Last night, after I made some soil blocks, I used them to plant okra and several species of herbs. I planted my regular-season (i.e. not early) tomatoes in fairly large pots as these plants grow quickly.
I first planted seven varieties of tomatoes. As usual, I planted several seeds of each variety in a single pot; they will grow together in the garden as a group. I planted only three each of those tomato seeds that I bought this year, but four or more of the older varieties as some of those older seeds might not germinate. I planted one large, slicing tomato variety, ‘Rachel’; a cherry tomato variety that is resistant to blight and new to my garden, ‘nectar’; and five paste tomato varieties, ‘Polish linguisa’, ‘speckled Roman’, ‘agro’, ‘Margherita’, and ‘Corleone’, the last of which is also new to my garden. I like the paste or plum type of tomatoes as I feel they work equally well fresh or cooked and they won’t turn a sandwich into a dripping mess.
In the past, I’ve started okra indoors and transplanted it some years, and planted it directly into the garden other years; this year I decided to try the early start again. I planted four seeds each of okra ‘Cajun delight’ into the three large (48 mm, 2 inch) soil blocks. I didn’t use the central divot but made holes for the seeds in the blocks, which might cause them to fall apart more easily. I’m also not sure if these blocks are large enough for four okra seedlings, but I’ll try the experiment anyway.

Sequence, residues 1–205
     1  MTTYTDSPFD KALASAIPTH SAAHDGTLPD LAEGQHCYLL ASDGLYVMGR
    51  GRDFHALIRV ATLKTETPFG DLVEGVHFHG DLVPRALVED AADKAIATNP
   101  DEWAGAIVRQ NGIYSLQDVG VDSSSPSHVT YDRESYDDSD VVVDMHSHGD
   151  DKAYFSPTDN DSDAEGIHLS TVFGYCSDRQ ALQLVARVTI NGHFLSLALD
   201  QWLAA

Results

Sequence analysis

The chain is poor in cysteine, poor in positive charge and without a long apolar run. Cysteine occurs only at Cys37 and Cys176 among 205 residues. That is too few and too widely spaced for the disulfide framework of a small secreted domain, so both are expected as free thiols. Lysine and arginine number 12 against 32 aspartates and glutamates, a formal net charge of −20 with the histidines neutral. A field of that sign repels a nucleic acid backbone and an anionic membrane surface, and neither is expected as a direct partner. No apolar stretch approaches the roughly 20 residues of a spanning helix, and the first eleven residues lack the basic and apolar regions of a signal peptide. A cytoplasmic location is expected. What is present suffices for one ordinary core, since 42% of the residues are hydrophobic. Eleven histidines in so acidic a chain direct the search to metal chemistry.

I used 40 of the small (18 mm, 3/4 inch) soil blocks to plant some herbs. I used them as eight rows of five blocks each, planting the same thing in each row. I planted three varieties of basil; ‘lettuce leaf’, ‘Italian large leaf’, and a generic sweet basil; plus marjoram, summer savory, and plain-leaf or Italian parsley. I planted two rows of the marjoram and summer savory because I’ve had difficulty getting it to germinate in the past, and one row of each of the others. I tried to plant two seeds in the divot in each block, again because of worries about germination rates, but some of these seeds are so tiny that it was difficult to determine how many I planted, or where they went. I planted all these herbs on the surface and didn’t cover them as some may need light to germinate.
I put all the newly planted seeds in one of the stainless-steel steam-table pans that I find are much more durable than the typical plastic “flats” that are sold for this purpose. I covered the pan with plastic wrap (taped to the pan, it won’t stick to steel on its own) to keep the seeds moist.